Willa Cather

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Willa Cather (1873-1947) was a Pulitzer Prize-winning American author best known for her portrayals of frontier life on the American Great Plains in the late 19th century, exemplified by her novels O Pioneers! and My Ántonia. In addition, she also wrote several novels expressing her lament concerning the demise of the frontier and the spread of a culture of convention and materialism in the 1920s.

Life

Cather was born on a farm in Virginia in 1873 and moved to Nebraska with her family when she was 10 years old. After farming for one year, the family moved to Red Cloud where her father engaged in real estate work.

Several years later, in 1890, Willa moved to Lincoln where she attended a prep school prior to entering college at the University of Nebraska, from which she graduated in 1895.

After graduation, she moved to Pittsburgh where she worked on a women's magazine (the Home Monthly), leaving that job to teach English and Latin in high school for several years. Meanwhile, in 1903 she published her first volume of poetry (April Twilights) and, in 1905, a collection of short stories (The Troll Garden). From there, she went to New York City where she wrote for McClure's magazine, eventually becoming its managing editor.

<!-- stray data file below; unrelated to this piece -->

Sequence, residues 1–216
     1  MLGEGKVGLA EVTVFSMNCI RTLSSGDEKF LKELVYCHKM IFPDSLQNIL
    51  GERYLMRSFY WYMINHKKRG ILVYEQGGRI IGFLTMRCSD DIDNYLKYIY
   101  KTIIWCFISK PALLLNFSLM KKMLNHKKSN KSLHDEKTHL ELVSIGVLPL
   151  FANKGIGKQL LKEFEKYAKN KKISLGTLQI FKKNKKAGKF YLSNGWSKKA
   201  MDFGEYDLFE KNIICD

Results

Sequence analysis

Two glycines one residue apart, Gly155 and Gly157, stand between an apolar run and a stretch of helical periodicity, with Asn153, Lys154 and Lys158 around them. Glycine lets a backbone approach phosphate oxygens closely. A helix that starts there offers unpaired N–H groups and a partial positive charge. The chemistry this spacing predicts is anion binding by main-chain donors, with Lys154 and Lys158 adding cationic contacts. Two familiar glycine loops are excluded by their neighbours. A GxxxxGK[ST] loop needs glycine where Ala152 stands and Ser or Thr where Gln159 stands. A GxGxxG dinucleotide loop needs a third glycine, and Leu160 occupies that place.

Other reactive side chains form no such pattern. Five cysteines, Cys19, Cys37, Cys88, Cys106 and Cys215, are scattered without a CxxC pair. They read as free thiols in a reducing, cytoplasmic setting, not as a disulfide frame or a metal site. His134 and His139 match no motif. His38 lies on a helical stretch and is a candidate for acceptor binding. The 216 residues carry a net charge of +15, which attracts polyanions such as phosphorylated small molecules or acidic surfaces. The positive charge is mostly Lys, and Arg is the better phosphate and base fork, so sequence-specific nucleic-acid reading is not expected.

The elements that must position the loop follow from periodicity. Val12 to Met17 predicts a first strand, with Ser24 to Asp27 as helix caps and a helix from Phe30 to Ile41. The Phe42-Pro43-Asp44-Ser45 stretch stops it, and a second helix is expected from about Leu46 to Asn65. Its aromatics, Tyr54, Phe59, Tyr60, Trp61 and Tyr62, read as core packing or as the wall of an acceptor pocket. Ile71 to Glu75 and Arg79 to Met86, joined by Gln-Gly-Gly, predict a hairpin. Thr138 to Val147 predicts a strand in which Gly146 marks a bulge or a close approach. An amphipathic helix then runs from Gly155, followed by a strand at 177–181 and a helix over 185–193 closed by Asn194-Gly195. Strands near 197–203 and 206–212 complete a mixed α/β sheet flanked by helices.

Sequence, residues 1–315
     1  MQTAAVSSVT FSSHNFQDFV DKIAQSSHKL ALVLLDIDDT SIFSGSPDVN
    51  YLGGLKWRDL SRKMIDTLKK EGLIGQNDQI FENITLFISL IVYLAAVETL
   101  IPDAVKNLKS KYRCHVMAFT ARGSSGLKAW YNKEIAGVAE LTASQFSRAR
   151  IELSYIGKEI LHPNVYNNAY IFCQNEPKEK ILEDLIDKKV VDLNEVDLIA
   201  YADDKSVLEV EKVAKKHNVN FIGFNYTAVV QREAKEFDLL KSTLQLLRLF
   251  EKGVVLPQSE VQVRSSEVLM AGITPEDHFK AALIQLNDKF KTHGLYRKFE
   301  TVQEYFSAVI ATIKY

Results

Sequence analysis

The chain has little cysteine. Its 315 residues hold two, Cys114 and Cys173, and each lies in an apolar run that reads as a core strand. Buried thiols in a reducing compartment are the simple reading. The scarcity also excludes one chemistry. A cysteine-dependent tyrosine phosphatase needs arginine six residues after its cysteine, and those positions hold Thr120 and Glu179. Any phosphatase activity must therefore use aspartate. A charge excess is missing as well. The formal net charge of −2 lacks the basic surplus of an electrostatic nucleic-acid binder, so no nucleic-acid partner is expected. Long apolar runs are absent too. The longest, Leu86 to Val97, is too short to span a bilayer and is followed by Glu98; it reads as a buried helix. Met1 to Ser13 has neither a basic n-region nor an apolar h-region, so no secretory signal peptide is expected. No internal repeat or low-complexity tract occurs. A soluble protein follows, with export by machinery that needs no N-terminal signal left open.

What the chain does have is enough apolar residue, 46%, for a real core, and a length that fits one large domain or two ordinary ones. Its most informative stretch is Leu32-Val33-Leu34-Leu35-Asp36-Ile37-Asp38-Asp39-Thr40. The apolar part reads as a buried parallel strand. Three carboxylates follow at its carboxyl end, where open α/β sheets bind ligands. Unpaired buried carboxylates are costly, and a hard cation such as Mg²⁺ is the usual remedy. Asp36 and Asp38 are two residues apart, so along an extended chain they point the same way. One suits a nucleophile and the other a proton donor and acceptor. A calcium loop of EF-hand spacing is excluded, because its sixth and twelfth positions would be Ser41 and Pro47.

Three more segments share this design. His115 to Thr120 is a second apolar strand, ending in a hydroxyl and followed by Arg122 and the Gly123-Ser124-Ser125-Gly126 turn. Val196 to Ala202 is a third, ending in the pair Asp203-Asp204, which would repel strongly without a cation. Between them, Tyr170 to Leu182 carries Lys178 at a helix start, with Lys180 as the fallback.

It was while she was in New York that she published her first novels, including those for which she is best known today - O Pioneers! and My Antonia. Both of these novels detail the struggles of successful pioneer women to establish themselves on the Great Plains during frontier times and, in so doing, celebrate the entire panorama of European immigrant settlement of the Plains.

Sometime following this, her writing took a new direction. Several novels written during the 1920s mourned the rise of a new ethic of materialism and conventional life and the simultaneous loss of the pioneer spirit and the closing of the frontier. Among them were One of Ours (which won a Pulitzer Prize), A Lost Lady, and The Professor's House.

The final phase of Cather's writing career was marked by novels of historical fiction celebrating the pioneers of even earlier eras: Death Comes for the Archbishop, set in the American Southwest, and Shadows on the Rock, set in 17th century Quebec.

In all her work, the stories are not so much plot-driven as they are chronicles more concerned with the creation (or re-creation) of a social world.